Upstream Color (2013)
★★ / ★★★★
Kidnapped and hypnotized by a thief (Thiago Martins), Kris (Amy Seimetz) wakes up in her bed seeing worms crawling underneath her skin. She tries to take them out with a knife, but she is unable to get them all. Covered in self-inflicted wounds, Kris ends up seeking help from a nameless man (Andrew Sensenig) who owns a pig farm. Through a bizarre operation, he transfers the worms into a pig. Kris goes home and discovers that her life has been upheaved from normalcy. She is out of a job due to being gone for so long and all her money is gone. Later, Kris meets Jeff (Shane Carruth) on a train. They grab drinks. We learn he has gone through a similar ordeal.
“Upstream Color,” written and directed by Shane Carruth, tries to engage the audience through beautiful images but—do not be fooled—it is not a very good movie. For the most part, it feels too much like a work by a gifted student in film school rather than by a filmmaker who knows exactly what he wishes to communicate and how to deliver them without coming off like he is trying too hard to make the material appear insightful.
Some movies lean toward being experienced rather than being understood. Great movies show that the two need not be mutually exclusive. Despite visual acrobatics or pageantry, the concept is clear: there is meat to bite into, swallow, and digest. The entire work is worth rumination. Here, the picture lacks the meat. It does not give us enough good reasons to care for Kris. Sure, what she goes through is terrible but we never get a chance to feel close to her emotionally. When Jeff is added to the equation, we become hopeful that she will open up eventually. Instead, we watch her become more unstable. I found her whining unbearable. At one point I wondered if the pair should be together. Are we supposed to root for them to remain together?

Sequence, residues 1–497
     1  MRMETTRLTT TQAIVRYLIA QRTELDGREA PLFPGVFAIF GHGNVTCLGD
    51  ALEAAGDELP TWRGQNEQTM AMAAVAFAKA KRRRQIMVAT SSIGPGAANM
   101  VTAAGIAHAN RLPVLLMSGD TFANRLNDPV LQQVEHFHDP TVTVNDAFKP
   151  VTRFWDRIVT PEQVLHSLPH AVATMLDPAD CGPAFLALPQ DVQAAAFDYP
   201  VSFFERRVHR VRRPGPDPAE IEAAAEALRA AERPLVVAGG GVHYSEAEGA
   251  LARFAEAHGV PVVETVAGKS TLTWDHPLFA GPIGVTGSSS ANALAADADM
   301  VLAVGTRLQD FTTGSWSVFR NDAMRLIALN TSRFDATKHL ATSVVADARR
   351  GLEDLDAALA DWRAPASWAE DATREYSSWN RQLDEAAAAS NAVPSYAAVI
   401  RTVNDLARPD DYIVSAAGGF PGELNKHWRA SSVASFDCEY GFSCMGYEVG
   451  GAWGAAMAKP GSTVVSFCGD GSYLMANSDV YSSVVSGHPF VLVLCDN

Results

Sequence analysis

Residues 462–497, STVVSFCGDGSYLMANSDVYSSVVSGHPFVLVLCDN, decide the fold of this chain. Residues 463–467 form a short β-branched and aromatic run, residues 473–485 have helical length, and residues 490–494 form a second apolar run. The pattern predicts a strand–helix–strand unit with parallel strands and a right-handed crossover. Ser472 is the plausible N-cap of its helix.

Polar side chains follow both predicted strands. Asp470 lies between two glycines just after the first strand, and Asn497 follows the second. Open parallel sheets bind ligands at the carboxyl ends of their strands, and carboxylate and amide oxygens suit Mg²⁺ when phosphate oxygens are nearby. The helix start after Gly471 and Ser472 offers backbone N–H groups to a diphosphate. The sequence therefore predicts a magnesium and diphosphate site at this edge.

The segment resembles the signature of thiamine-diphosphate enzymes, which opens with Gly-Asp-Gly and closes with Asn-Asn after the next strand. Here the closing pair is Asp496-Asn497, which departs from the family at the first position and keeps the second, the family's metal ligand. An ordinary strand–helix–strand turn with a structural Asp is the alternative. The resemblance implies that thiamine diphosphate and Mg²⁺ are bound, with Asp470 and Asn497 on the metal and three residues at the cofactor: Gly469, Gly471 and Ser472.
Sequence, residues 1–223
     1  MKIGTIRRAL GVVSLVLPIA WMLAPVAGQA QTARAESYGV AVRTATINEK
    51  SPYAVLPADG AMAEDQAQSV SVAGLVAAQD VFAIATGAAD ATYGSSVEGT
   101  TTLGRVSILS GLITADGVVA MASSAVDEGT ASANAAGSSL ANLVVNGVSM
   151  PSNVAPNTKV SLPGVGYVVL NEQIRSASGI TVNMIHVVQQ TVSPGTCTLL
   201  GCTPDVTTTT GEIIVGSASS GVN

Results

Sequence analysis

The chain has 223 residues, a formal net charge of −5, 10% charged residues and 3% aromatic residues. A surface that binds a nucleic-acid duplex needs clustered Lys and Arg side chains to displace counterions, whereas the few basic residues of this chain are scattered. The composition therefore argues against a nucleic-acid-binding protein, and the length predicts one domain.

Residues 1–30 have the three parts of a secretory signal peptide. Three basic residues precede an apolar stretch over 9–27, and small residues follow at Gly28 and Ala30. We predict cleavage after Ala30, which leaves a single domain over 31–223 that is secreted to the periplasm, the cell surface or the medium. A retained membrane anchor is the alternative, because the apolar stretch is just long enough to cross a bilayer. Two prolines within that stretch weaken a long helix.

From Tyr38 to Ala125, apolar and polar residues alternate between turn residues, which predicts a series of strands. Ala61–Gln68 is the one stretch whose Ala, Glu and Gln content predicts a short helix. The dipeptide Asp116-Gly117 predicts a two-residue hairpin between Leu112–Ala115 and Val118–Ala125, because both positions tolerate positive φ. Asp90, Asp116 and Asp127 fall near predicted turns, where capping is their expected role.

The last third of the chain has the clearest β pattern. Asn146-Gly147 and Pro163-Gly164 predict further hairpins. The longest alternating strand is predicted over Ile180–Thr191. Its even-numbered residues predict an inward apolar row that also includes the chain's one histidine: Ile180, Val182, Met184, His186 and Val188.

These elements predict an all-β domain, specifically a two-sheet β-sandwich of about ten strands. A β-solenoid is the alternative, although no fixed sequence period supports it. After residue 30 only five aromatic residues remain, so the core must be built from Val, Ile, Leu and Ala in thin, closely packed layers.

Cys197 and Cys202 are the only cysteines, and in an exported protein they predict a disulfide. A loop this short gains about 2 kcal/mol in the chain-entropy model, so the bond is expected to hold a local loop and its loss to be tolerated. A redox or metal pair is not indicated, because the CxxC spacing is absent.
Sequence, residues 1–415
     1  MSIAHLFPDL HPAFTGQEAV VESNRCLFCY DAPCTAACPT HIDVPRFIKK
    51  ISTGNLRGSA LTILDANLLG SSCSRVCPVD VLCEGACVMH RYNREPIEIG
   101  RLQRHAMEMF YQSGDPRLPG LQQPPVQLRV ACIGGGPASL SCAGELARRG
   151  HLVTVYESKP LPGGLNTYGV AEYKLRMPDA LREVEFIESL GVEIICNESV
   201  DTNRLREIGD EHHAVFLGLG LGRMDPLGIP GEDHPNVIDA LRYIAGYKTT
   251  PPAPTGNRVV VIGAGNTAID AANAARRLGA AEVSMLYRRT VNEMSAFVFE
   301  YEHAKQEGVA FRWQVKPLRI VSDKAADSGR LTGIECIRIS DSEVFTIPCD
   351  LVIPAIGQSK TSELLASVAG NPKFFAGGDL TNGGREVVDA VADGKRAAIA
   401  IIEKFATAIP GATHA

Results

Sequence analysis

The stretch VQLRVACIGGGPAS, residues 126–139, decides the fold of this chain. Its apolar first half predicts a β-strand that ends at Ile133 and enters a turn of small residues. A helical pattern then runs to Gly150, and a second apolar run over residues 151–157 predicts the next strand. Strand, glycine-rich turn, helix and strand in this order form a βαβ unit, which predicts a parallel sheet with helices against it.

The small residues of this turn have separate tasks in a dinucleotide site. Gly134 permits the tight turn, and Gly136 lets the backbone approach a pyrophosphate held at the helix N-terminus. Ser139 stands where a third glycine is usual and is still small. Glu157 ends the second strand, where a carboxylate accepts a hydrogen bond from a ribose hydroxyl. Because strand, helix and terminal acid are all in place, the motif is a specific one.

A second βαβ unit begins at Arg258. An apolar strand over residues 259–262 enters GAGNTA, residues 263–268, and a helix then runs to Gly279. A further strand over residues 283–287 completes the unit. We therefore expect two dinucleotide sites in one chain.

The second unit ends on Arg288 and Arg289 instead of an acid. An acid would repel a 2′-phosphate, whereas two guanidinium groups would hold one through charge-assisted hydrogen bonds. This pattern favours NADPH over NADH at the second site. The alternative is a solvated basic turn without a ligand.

I appreciated that the screenplay bothers to detail the specifics of the hypnosis. It is arguably the best sequence in the film because the subdued tone, the sense of danger, and the mystery are appropriate given what is happening to the main character. I found that the early images bore into my brain because later in the picture when the material works itself down to boredom, I caught myself thinking about Kris drinking water only after having finished a specific task, the page numbers of the book she must circle, and the voice providing instructions. I remembered being worried for her health given that she did not seem to be allowed to eat anything for several days.
The man who runs the pig farm is a curious character. Kris was not the first hypnotized person he has helped to proceed to lead a semblance of a normal life. It appears as though he possesses the ability to see into the lives of those people he has aided and check up on how they are doing. In addition, the humans and the pigs share a sort of psychic connection. Whatever happens to a pig has an effect to a human with respect to the worms’ former host. Though interesting on the surface, these are not explored in a fulfilling manner. We wish to look closer but we are always kept at arm’s length.
“Upstream Color” is defiantly insular. There is an audience for this kind of movie. They will defend it using words like “visionary,” “challenging,” or “lyrical.” I don’t pretend to be one of them. I have an admiration for movies that are willing to push the viewers into experiencing something new. Though the film has pieces that do work, I still found it shallow, boring at times, and way self-indulgent.